Rwanda's parliament began Monday debating a bill to set up people's tribunals at the smallest administrative level to try suspects implicated in the genocide of up to 800,000 people in 1994.
The tribunals, known as "gacaca", would sit at the local "cell" level, the smallest element within Rwanda's strongly hierarchical district administration system, parliamentary sources said.
Debate in the transitional national assembly was expected to continue into Tuesday before a vote on the law.
"Gacaca" have been presented as a system of participatory justice concerning third and fourth category genocide suspects, not including those held to be ringleaders or the main criminals behind the systematic massacre in 1994 of between 500,000 and 800,000 minority Tutsis and political moderate Hutus.
Rwandan courts have sentenced more than 100 people to death for taking part in the genocide and 22 such convicts were executed in April 1998, while a separate UN International Criminal Tribunal sitting in Tanzania is trying key suspects.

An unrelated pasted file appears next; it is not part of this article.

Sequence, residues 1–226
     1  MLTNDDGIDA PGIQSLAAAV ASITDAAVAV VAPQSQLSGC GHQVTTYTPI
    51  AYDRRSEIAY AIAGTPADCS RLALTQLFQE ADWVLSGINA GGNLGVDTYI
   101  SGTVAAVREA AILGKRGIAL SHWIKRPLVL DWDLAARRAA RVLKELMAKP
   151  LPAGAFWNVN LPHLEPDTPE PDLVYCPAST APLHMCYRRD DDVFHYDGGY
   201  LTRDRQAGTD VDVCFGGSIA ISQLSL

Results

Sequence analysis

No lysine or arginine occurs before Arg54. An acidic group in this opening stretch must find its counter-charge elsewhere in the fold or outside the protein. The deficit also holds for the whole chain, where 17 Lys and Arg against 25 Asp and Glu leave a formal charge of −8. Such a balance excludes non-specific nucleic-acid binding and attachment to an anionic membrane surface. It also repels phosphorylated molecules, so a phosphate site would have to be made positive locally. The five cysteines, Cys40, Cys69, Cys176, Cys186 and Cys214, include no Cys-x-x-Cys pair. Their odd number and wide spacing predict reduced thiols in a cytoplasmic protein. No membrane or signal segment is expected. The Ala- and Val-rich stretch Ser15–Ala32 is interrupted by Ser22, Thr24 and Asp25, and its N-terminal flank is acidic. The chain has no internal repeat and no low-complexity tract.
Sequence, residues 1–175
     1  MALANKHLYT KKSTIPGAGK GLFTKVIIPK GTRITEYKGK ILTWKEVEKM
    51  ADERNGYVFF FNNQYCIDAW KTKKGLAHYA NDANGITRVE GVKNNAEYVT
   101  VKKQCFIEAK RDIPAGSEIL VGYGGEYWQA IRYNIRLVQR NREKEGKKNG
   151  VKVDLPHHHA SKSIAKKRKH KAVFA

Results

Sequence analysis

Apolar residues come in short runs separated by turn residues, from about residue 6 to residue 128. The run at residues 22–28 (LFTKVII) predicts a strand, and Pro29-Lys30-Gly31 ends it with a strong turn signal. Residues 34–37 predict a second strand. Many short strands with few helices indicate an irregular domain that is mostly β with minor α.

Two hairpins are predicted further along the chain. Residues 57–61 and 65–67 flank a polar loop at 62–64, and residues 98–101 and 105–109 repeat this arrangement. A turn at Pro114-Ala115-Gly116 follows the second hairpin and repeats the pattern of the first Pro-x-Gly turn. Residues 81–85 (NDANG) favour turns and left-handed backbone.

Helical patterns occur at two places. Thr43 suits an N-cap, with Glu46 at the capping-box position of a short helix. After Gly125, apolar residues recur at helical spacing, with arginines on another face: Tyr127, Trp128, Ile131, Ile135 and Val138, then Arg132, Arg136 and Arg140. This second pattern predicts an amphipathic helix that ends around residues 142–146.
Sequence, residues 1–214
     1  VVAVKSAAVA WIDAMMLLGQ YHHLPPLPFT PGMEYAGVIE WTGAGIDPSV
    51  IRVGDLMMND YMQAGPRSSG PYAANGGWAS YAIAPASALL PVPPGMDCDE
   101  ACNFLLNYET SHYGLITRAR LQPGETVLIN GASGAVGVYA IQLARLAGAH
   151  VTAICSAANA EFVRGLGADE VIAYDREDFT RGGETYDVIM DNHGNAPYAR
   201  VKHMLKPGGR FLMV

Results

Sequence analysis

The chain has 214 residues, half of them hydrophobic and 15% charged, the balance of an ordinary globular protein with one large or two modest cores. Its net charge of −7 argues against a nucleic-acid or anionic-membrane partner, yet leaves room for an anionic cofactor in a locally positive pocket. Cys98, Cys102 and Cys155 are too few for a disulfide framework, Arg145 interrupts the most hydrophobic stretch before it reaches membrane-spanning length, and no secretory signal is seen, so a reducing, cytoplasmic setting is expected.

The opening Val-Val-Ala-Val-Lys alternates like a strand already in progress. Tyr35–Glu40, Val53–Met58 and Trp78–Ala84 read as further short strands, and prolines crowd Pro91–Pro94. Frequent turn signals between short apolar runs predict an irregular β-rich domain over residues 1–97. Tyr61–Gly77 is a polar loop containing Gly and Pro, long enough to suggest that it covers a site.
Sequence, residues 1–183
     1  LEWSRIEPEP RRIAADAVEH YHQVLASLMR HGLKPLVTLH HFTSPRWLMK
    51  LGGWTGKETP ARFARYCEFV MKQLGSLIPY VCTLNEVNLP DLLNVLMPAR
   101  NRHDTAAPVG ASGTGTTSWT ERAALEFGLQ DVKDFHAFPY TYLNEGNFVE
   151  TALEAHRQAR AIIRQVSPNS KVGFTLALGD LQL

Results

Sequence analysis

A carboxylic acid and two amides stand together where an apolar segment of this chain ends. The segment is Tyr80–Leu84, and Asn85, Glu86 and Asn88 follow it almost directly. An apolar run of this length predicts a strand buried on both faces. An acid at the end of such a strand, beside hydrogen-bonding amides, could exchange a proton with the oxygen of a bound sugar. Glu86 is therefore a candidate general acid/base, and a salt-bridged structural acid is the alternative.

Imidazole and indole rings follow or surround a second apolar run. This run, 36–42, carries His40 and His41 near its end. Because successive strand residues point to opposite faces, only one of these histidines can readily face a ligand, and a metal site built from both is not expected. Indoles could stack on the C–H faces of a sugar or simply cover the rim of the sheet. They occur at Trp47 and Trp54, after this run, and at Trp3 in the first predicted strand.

The independent Hirondelle news agency has reported that more than 100,000 suspects are still in Rwandan jails awaiting trial.
According to an opinion poll carried out last April by the Rwandan League from the Promotion and Defense of Human Rights, "93 percent of Rwandans want gacaca and 53 percent consider that they would contribute to the process of national reconciliation."
The genocide was carried out mainly by Hutu extremist militias and troops between April 1994 and July that year, when then rebels of the mainly Tutsi Rwandan Patriotic Front (RPF) seized power -- KIGALI(AFP)
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